It is now neither taboo to identify with extreme parenting nor to be loudly alarmed by the high, and mostly stress-related, suicide rate among China’s young people. When a group of teenagers from Shanghai posted top scores in an international test of practical knowledge in reading, mathematics, and science administered by the OECD (Organisation for Economic Co-operation and Development), Chinese mothers could feel vindicated, especially with the United States taking only 17th place in reading and coming in even lower in math and science. The question, of course, is not whether Chinese mothers are superior, along with their offspring, or whether Americans somehow wouldn’t wish to give their kids a winning start in life, but rather whether the US educational system is fit to train enough winning young adults in the future.

Some contend that education in this country is as broken as our health care system and would require a similarly complex overhaul, while costing the kind of money to fix that nobody is willing or able to pay. Moreover, with inequality sharply on the rise (the widening chasm between the rich and the poor within the country), what is emerging now and here is an unfortunate tale of two Americas. The inequitable distribution of wealth is closely mirrored by the unequal access to the kind of education befitting a Tiger Mom’s aspirations. Rich people pay for private schools and tutors or move their families into ZIP codes with excellent public schools (which in good/expensive neighborhoods resemble gleaming halls of learning that feed their graduates to the Ivy League; whereas students in bad/poor areas must enter their brain hospice through metal detectors). Two recent books on the subject of inequality, “Richistan: A Journey Through the American Wealth Boom and the Lives of the New Rich” by Robert Frank and “Superclass: The Global Power Elite and the World They Are Making” by David Rothkopf, have shone a spotlight on unequal educational opportunity as a worsening social indicator, as the rich are getting (far) richer, while the poor are staying (relatively) poor. (Although it is unclear how exactly it is that inequality causes all sorts of social ills – from failing school grades, more teenage pregnancies, higher crime rates, to greater obesity – it is certain that the rising tide of America’s wealth boom has not lifted all boats.)

America’s ability to produce “Outliers” (as in Malcolm Gladwell’s “Outliers: The Story of Success”), individuals who will achieve extraordinary success in life is unparalleled. This will happen with or without Tiger Moms, with or without the “10,000-Hour Rule” (if you ever wondered how Mozart became Mozart, go spend 10,000 hours practicing a specific task and see what will happen). And in your blogger’s humble opinion, right after you’ve aced your reading, math, and science tests, other leading indicators for future employment success are “uncommon intelligence,” a passion for learning something new, and a knack for entrepreneurship. How to drill those into your kid’s head? Don’t ask the Tiger Mom. A new “Battle Hymn of the Republic”? Perhaps, for America must figure out how to transform its educational system to provide democratic / meritocratic access to top-notch learning to the majority of its people, not just a few. Always remember, there are far more Chinese Tiger Moms than there are people in the States, and not even our outliers and cognitive elite will be able to compete against them alone.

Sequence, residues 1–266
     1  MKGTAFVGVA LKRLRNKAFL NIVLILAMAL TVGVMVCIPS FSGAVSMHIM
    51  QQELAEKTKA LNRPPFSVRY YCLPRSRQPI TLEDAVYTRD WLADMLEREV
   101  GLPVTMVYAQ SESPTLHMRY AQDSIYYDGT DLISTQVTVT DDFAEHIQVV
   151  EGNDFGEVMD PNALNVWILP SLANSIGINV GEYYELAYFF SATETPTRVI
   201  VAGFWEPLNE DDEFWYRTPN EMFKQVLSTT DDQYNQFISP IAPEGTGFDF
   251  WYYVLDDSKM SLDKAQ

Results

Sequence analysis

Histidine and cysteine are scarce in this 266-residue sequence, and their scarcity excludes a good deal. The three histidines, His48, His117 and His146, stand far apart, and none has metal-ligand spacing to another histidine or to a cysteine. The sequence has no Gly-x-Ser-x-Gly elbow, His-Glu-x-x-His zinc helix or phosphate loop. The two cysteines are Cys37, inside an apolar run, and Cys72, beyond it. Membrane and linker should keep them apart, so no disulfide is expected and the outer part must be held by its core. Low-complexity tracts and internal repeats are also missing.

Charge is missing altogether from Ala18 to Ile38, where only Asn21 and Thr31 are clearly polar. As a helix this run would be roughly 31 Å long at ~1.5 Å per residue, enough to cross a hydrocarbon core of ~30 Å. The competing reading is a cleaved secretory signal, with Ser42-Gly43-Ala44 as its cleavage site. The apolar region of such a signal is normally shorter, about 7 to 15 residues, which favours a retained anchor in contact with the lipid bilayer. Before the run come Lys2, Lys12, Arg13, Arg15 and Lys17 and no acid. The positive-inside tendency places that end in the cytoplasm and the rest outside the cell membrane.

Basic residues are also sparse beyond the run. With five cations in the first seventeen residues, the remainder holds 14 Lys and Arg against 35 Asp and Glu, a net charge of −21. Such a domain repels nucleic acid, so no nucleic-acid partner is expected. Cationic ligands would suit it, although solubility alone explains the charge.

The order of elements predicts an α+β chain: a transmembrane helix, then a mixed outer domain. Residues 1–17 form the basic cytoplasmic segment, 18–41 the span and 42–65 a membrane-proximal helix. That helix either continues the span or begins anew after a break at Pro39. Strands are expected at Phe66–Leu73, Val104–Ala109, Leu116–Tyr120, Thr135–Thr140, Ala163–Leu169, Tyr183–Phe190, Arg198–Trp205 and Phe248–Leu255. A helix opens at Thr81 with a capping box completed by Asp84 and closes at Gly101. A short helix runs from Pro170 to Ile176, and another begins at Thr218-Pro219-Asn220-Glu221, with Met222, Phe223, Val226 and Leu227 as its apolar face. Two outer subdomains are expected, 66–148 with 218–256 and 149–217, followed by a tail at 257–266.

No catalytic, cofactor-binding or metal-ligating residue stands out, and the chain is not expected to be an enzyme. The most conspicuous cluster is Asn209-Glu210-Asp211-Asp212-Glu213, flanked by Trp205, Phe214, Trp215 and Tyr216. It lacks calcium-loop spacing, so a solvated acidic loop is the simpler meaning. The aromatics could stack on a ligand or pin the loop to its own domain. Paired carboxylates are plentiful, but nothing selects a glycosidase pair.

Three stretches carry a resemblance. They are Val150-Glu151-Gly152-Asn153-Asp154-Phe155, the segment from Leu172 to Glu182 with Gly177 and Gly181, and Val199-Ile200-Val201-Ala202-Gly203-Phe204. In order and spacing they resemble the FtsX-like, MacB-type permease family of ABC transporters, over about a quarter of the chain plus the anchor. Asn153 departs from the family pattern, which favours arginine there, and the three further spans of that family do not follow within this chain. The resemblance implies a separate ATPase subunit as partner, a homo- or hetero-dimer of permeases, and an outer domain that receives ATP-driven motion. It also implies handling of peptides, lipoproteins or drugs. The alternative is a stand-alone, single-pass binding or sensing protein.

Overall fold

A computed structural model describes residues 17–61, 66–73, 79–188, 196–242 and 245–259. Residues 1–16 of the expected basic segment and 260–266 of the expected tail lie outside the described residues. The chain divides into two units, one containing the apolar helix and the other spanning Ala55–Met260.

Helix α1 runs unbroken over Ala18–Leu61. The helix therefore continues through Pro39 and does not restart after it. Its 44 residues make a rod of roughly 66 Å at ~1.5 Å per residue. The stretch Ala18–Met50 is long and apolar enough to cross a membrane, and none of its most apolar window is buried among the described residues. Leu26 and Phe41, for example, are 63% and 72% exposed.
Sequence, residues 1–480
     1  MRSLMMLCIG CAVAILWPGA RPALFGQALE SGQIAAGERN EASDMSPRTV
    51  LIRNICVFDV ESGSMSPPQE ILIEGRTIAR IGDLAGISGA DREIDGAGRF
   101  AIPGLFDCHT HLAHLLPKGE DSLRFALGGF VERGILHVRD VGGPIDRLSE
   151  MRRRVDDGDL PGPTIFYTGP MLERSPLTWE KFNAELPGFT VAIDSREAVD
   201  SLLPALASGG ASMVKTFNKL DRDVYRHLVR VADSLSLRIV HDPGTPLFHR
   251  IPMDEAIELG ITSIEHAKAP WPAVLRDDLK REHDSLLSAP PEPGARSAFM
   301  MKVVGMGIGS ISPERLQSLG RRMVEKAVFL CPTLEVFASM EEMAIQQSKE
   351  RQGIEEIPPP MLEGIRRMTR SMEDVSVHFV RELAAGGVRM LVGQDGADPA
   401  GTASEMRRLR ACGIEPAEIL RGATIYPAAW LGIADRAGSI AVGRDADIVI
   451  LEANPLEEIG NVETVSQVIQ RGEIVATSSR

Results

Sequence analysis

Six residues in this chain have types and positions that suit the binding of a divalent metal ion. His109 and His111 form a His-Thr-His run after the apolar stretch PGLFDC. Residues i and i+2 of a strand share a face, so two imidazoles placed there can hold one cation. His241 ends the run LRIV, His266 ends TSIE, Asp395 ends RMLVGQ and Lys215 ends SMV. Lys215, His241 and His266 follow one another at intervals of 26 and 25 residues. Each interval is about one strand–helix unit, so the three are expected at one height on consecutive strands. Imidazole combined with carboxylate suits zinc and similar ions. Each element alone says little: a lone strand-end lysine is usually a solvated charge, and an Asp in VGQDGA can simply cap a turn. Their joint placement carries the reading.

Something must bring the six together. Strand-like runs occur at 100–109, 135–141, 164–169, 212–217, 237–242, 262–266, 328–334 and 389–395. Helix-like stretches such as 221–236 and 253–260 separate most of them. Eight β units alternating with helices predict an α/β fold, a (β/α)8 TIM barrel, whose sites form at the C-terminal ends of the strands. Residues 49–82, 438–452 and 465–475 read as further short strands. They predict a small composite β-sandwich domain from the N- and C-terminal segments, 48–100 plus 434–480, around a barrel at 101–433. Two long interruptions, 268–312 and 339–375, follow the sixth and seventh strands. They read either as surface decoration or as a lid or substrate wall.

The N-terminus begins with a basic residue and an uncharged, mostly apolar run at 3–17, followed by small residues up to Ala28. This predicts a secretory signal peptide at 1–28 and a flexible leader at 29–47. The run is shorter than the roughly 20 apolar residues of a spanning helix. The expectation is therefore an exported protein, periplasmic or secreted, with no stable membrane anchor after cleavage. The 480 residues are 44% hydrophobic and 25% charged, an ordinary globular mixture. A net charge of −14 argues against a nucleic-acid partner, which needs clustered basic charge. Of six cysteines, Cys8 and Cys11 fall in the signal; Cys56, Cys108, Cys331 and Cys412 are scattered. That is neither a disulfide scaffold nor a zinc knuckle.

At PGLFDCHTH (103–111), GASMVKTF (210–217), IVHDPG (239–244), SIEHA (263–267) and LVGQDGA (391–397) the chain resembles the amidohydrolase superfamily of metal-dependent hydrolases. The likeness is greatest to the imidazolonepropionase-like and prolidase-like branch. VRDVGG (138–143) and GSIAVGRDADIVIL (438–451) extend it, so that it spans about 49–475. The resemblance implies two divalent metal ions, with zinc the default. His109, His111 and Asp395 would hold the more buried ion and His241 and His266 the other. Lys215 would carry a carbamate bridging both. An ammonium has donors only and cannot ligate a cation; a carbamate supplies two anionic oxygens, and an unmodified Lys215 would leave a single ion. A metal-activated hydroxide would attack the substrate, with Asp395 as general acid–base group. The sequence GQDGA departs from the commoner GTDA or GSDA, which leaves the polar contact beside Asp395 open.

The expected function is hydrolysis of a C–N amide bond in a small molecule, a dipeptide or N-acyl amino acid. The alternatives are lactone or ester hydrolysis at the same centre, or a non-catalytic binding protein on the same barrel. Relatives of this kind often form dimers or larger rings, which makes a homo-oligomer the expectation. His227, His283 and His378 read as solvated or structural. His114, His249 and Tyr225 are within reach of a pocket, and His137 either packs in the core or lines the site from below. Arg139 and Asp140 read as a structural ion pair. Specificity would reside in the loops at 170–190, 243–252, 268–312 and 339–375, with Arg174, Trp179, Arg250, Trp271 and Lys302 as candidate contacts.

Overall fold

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The New Buzz: Is Google Buying California?

Avid readers of that highbrow literary genre called cyberpunk will barely raise their brow at this dystopian scenario: the once-great State of California is on its financial deathbed. An angry mob with ruined dreams, shattered keyboards, and broken Chardonnay bottles is storming the Governor’s Smoking Tent. After midnight, following an all-stock tax-free acquisition including the assumption of the state’s crushing debt, California is declared a corporate principality, now run by a trillion-dollar market-cap mega-corporation that trades in nothing but information. (At the buyer’s insistence though, a last-minute carve-out is made for Southern California, its perennial water shortage and endless, nagging drain on the well-irrigated North cited as deal-killers; and besides, who’d want all these meddling creative types from Hollywood and those stubbornly Republican Naval retirees living in La Jolla?) Hasta la vista, Golden State!

At first it feels a bit weird, but the corporate citizens of California, Inc. quickly adjust to the perk-pampered life under the new regime. What’s not to like about free Sushi luncheons, mandatory reflexology massages at the workplace, and heavily subsidized 24×7 dry-cleaning? Foosball and frisbee are the official pastimes, red and green are added to the state colors, blue and yellow, and the K-9 police kennel of Alsatians and Dobermans is gracefully retired and replaced with loveable Golden Retrievers. But for the takes there are some gives too. Citizens are required to register with the corporation’s ubiquitous search-cum-information organization-cum-communication-cum-collaboration-cum-social-networking “matrix” (otherwise no comping your Hamachi, hombre). I’m not talking about your vanilla “opt in” EULA; non-compliers are rounded up by Blade Runners and summarily reinstated into the matrix via the corporation’s equally ubiquitous email system. Resistance is futile. Beguiling the populus with brazenly colored and annoyingly ever-present “We’re Not Evil” neon signs, this corporegent – whose business ferocity and trans-commercial ambition has not been matched since the East India Company set sail or before Microsoft lost its mojo – has fooled just about everyone except for these equally annoying and specially crafty Chinese (and look what they’re doing now, tempering with our matrix!).